Help Children to Get Used to Fasting (+Video)
How can we help children to get used to fasting?
I have a son who is nine years old and I would like you to help me to learn how I can make my son get used to fasting Ramadan in sha Allaah, because he only fasted 15 days of Ramadan last year.
Praise be to Allaah.
We are very happy to see questions like this, which is indicative of great care and concern for children and for raising them to worship Allah. This is good care for those whom Allah has entrusted to the parents’ care.
A boy of nine years of age is not one of those who are accountable for fasting according to sharee’ah, because he has not yet reached puberty. But Allah has enjoined parents to raise their children to do acts of worship. Allah commands them to teach their children the prayer when they are seven years old, and to smack them if they do not do it when they are ten years old. The Sahaabah (may Allah be pleased with them) used to make their children fast when they were small so as to make them get used to this great act of worship. All of that is indicative of great concern to raise one’s children with the best of attributes and deeds.
With regard to prayer:
The Messenger of Allah (blessings and peace of Allah be upon him) said: “ Teach your children to pray when they are seven years …” Narrated by Abu Dawood (Sound Hadith)
It was narrated that al-Rubayyi’ bint Mu’awwidh ibn ‘Afra’ (may Allah be pleased with her) said: On the morning of ‘Ashoora – In which date God saved Moses from the Pharaoh– ’, the Messenger of Allaah (blessings and peace of Allah be upon him) sent word to the villages of the Ansaar around Madeenah, saying: “Whoever started the day fasting, let him complete his fast, and whoever started the day not fasting, let him complete the rest of the day (without food).”
After that, we used to fast on this day, and we would make our children fast too, even the little ones in sha Allaah. We would make them toys out of wool, and if one of them cried for food, we would give (that toy) to him until it was time to break the fast. Narrated by al-Bukhaari and Muslim
‘Umar (may Allah be pleased with him) said to one who was drunk during Ramadan: “Woe to you! Even our children are fasting!” And he hit him. Narrated by al-Bukhaari in a mu’allaq report, Bab Sawm al-Subyaan (Chapter on the fast of children).
The age at which parents should start teaching their children to fast is the age when they are able to fast, which varies according to the physical constitution of each child, but some scholars have defined it as the age of ten years.
With regard to means of helping children to get used to fasting, that may involve a number of things, such as:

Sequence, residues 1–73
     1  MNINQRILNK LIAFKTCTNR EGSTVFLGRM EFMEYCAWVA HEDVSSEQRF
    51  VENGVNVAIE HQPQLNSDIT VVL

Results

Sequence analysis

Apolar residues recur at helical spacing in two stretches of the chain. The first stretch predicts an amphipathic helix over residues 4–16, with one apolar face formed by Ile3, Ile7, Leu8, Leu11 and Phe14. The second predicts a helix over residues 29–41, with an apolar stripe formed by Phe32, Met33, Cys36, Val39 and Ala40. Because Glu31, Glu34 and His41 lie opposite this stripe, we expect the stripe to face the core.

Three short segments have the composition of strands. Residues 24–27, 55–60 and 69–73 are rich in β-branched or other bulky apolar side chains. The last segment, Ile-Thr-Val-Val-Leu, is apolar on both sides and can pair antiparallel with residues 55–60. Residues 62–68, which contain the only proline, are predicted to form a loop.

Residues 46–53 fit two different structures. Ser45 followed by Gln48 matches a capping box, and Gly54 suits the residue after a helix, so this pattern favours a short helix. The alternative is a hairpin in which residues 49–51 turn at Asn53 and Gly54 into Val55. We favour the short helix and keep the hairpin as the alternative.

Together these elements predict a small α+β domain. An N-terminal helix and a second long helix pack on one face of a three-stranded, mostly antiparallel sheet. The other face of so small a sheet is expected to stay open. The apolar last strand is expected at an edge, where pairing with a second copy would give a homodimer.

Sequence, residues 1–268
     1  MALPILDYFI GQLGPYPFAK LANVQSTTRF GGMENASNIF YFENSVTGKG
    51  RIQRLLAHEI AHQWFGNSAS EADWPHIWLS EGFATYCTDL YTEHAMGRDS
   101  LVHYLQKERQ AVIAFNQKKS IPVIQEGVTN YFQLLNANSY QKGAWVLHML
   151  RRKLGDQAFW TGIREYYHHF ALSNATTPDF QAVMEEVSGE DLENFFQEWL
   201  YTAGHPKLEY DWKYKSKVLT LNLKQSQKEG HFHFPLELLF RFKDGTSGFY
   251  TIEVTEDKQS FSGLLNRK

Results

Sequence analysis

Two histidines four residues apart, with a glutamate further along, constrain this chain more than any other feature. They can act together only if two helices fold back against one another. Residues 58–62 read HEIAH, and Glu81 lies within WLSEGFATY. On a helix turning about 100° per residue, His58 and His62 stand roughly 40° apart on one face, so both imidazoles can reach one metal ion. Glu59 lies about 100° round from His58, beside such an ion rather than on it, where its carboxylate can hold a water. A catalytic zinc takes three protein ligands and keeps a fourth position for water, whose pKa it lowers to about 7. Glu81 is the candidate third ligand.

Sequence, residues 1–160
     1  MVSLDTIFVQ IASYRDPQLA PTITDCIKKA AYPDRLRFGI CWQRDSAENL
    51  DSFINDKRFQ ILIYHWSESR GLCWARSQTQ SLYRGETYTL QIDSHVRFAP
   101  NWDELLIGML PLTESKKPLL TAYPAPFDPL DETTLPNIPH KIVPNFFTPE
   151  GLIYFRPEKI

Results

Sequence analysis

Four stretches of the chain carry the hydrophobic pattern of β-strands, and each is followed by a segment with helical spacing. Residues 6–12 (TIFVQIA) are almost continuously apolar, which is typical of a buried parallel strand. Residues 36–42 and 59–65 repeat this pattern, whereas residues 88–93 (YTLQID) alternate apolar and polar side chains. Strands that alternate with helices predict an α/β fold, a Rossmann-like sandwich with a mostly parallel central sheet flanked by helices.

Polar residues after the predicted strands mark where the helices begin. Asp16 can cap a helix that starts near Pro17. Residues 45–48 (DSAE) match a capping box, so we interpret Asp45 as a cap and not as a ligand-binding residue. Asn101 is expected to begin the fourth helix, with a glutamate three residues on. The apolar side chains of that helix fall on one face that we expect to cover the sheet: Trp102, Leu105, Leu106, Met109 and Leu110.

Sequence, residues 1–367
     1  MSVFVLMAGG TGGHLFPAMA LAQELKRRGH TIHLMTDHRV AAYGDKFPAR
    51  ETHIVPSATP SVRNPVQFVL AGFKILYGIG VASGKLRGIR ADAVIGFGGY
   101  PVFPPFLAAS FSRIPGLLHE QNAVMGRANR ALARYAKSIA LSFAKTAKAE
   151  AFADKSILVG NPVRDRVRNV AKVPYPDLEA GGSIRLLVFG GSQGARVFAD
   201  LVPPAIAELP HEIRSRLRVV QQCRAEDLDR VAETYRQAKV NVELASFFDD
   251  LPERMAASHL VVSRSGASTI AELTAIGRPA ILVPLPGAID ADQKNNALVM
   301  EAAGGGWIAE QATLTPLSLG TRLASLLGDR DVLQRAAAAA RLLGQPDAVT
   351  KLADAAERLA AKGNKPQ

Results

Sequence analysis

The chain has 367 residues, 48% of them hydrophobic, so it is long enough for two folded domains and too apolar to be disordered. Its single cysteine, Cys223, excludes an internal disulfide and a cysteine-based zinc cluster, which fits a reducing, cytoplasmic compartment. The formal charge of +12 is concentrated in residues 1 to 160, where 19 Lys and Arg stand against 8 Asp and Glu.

- Telling them of the virtues of fasting and that it is one of the most important means of entering Paradise, and that in Paradise there is a gate called al-Rayyaan through which those who fast will enter.
- Prior experience of getting used to fasting, such as fasting a few days in the month of Sha’ban, so that fasting in Ramadan will not come as a shock to them.
- Fasting part of the day and increasing the time gradually. Delaying sahoor until the last part of the night. That will help them to fast during the day. Encouraging them to fast by giving them rewards each day or each week. Praising them in front of the family at the time of iftaar and sahoor, because that will raise their morale.
- Instilling a spirit of competition for the one who has more than one child, whilst remembering that it is essential not to rebuke the one who is struggling.
- Distracting the one who gets hungry by letting him sleep or play permissible games that do not involve effort, as the noble Sahaabah used to do with their children.
- There are suitable programmes for children and cartoons on the trustworthy Islamic channels with which you can distract them.
- It is preferable for the father to take his son — especially after ‘Asr — to attend the prayer and lessons, and to stay in the mosque to read Qur’aan and remember Allah. Arranging visits during the day and night to families whose young children are also fasting, so as to encourage them to carry on fasting.
Rewarding them with permissible trips after iftaar, or making the kinds of food, sweets, fruits and juices that they want.
It should be noted that if the child becomes too exhausted, you should not insist that he completes the fast, so that this will not make him hate acts of worship or lead to him lying or make him sick, because he is not yet one of those who are accountable. It is important to pay attention to this and not be harsh with regard to telling the child to fast. source